Keeping up with the mobile consumer
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Keeping up with the mobile consumer Keeping up with the mobile consumer Document Transcript

  • Keeping Up with the Mobile Consumer2011 Benchmark ReportNikki Baird and Steve Rowen, Managing PartnersSeptember 2011 Sponsored by:
  • Executive Summary In RSRs collective years in the retail industry we have rarely seen a technology act as such a galvanizing force on the retail industry - and in a positive way - than consumer mobile. It is a sea- change in how consumers engage with retailers, for the first time truly bringing together the physical and the virtual in ways that cross-channel efforts to-date have not. And it is relatively inexpensive to experiment with on the part of retailers. But so far, it is a Retail Winners game (those respondents that outperform their peers in year-over-year sales growth).Business Challenges Overall respondents report that they havent yet figured out how to identify and accommodate different customer segments, that they have difficulty coordinating the mobile experience with other channels, and that the consumer technology landscape is evolving too quickly. While that makes for a very challenging environment for developing a mobile strategy, perception of ensuing challenges vary drastically by retailer performance and size. The largest retailers are more challenged by the difficulty of coordinating across channels, while Winners are more likely to focus on a more definable business need.Opportunities Optimism about the channel is widespread. Overall, 51% of respondents say that their mobile sales will grow "significantly" in the next 3 years, and another 42% expect at least some growth, if not a "significant" amount. The top three opportunities have a natural focus on the customer: deeper customer engagement to drive loyalty, the opportunity to drive innovation through mobile offerings, and deeper customer engagement to drive sales. More than twice as many Winners as their peers report that they have been using consumer mobile and either are starting to get an idea of what to measure or already feel comfortable with the results that theyre getting.Organizational Inhibitors Resource challenges top the list of reasons why retailers haven’t seized more of the opportunities they see mobile solutions providing. In ascending order of difficulty, the top-three roadblocks are having the necessary resources to manage all of the available eCommerce and Mobile opportunities, overall budgetary constraints, and difficulty in quantifying Return on Investment. More problematic, however, are the number of retailers who are frozen in their tracks due to the rapid pace at which mobile technologies change. Sixty percent of retailers admit that a single executive, charged with ensuring the customer has a seamless experience across whichever channel – or technology – she chooses to engage is vital to becoming “unstuck.”Technology Enablers Retailers are vaguely ambivalent as to what a strong mobile offering even looks like. While 79% know that a cut and paste version of a full eCommerce site is simply not a viable mobile strategy, the field is split nearly down the middle as to the value of a downloadable app. Though a vast majority of retailers ascribe value to retailer-provided wireless in stores, very few have yet to do anything about it. While technology adoption is still in very early days, twenty three percent of all retailers have budget set aside to ensure that the mobile developments they take on are repeatable across multiple platforms; 21% already have budgeted for mobile capabilities delivered via the cloud (or a Software as a Service model). All retailers recognize that mobile devices, their capabilities, and shoppers’ ii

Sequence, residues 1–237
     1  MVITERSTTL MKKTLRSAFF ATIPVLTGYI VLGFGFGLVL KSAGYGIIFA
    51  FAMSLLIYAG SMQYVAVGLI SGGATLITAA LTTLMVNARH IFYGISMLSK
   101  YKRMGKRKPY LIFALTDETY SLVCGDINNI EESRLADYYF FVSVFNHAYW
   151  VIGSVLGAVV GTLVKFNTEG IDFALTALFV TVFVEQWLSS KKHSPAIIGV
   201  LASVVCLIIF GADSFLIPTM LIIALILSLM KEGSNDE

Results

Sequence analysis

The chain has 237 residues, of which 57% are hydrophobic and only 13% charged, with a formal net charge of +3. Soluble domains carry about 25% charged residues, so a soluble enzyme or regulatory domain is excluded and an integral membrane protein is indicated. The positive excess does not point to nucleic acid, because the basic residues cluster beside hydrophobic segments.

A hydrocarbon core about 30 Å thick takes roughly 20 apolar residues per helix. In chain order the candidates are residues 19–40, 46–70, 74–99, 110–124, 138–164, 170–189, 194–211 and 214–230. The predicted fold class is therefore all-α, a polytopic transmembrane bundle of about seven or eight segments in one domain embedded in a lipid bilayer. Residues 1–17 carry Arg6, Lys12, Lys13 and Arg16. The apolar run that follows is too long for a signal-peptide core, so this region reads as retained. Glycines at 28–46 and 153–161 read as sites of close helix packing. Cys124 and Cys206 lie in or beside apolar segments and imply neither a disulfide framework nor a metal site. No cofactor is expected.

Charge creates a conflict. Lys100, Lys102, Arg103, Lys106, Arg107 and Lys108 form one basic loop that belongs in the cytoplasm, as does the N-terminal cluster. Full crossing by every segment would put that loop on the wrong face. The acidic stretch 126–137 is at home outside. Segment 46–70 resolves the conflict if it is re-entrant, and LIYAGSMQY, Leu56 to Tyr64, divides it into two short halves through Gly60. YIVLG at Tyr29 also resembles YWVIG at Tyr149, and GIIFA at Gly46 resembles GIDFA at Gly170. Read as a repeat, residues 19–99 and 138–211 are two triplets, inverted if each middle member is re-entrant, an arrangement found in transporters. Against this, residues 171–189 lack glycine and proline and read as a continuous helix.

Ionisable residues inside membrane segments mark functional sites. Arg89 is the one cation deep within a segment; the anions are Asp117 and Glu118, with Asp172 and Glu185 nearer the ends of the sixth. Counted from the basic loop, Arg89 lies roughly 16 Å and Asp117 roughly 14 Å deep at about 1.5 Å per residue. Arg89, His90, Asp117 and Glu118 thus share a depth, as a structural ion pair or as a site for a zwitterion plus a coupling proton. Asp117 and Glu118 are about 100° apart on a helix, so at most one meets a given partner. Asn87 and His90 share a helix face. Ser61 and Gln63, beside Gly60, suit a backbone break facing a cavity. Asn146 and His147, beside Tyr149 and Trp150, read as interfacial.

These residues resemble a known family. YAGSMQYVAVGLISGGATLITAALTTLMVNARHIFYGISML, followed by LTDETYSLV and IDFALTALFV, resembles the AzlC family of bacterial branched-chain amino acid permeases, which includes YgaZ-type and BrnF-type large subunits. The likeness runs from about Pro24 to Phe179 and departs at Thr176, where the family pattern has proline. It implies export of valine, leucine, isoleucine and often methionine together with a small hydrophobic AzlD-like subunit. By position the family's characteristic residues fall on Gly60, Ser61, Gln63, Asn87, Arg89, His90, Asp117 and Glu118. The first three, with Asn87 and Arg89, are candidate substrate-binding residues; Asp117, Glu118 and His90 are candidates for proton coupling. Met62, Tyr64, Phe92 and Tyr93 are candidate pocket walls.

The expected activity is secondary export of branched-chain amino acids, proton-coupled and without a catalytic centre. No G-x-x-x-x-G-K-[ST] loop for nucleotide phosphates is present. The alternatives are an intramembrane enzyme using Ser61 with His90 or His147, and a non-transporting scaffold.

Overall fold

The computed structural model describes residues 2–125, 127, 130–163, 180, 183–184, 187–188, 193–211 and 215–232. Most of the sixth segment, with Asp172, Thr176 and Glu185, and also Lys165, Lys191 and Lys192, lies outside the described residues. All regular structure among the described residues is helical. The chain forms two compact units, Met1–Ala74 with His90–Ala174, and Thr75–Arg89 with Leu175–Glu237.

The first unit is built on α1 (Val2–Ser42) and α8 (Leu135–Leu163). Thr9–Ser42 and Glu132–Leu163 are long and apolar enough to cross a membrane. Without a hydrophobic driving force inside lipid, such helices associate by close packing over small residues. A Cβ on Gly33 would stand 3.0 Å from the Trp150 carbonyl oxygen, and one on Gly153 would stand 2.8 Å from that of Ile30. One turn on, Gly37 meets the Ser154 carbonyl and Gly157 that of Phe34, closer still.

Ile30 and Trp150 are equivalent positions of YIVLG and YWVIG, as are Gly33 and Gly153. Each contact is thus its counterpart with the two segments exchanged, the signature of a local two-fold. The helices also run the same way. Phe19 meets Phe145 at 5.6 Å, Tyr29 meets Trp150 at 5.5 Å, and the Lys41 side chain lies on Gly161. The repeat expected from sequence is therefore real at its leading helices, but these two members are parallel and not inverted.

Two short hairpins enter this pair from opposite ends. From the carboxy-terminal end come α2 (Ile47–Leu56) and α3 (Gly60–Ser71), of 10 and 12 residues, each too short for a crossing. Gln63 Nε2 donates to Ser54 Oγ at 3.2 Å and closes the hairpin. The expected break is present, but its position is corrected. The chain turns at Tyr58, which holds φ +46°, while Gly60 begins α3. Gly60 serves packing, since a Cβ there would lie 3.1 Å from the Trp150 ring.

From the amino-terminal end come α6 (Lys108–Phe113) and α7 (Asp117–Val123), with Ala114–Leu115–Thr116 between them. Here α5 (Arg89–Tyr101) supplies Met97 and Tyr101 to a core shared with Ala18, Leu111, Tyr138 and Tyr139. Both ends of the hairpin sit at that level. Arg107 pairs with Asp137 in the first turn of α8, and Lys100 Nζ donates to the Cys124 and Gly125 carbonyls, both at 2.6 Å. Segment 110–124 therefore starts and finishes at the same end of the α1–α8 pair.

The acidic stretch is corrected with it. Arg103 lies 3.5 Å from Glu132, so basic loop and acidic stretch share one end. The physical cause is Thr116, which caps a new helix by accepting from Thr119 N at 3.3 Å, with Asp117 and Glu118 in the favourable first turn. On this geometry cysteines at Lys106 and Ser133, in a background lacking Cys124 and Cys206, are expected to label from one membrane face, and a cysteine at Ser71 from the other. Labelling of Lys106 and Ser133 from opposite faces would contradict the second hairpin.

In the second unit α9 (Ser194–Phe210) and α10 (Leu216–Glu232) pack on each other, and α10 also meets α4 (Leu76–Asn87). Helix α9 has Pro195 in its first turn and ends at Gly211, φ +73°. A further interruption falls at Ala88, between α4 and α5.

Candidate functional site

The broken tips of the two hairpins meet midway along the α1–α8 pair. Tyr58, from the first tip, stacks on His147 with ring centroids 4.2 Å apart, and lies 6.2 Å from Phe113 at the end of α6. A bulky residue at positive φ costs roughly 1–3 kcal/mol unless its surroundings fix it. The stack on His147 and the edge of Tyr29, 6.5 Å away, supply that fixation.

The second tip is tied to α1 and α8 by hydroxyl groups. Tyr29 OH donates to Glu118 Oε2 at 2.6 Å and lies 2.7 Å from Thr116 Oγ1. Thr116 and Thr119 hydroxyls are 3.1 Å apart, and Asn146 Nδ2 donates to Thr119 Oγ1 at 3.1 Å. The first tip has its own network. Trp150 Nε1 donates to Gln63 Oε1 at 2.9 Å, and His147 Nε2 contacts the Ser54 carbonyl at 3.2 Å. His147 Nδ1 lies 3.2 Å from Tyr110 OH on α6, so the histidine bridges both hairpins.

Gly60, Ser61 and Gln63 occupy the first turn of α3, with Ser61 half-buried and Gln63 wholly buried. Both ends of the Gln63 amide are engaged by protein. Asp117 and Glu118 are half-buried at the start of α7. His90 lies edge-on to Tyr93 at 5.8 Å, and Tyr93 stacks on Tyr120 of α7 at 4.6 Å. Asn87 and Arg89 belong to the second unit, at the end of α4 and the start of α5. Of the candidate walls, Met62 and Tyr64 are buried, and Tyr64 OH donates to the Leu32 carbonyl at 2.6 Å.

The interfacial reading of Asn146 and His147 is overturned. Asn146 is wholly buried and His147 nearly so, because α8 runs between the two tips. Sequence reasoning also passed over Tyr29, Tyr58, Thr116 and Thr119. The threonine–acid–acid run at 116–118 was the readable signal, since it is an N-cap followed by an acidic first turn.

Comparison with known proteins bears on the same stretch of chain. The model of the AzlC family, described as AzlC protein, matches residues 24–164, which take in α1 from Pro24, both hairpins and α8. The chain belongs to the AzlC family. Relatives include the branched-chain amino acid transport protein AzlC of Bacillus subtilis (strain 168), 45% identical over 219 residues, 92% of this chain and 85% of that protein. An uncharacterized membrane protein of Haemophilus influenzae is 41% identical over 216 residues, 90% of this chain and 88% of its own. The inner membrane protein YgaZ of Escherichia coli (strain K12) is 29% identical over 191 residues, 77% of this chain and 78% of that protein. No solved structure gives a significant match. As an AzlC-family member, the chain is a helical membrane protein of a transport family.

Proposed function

• willingness to use them are very difficult to predict, but Winners understand that “the next big thing” in mobile devices – or platforms – may be just around the corner at any given time.BOOTstrap Recommendations mCommerces learning curve will be much shorter, but it will also be more complex - a moving target on the process side, as consumers try to figure out how to best use mobile as part of the shopping process, and a moving target on the technology side, as leaps and bounds in technology constantly change what mobile phones are capable of doing. As a result, we offer the following baseline recommendations, explained in detail at the end of this report: Use consumers to help shape your strategy and make sure what you’ve done works, carefully consider/approach a Customer Experience Officer, rethink wireless, strategize across platforms, and most importantly, don’t be afraid to get in the mobile game. iii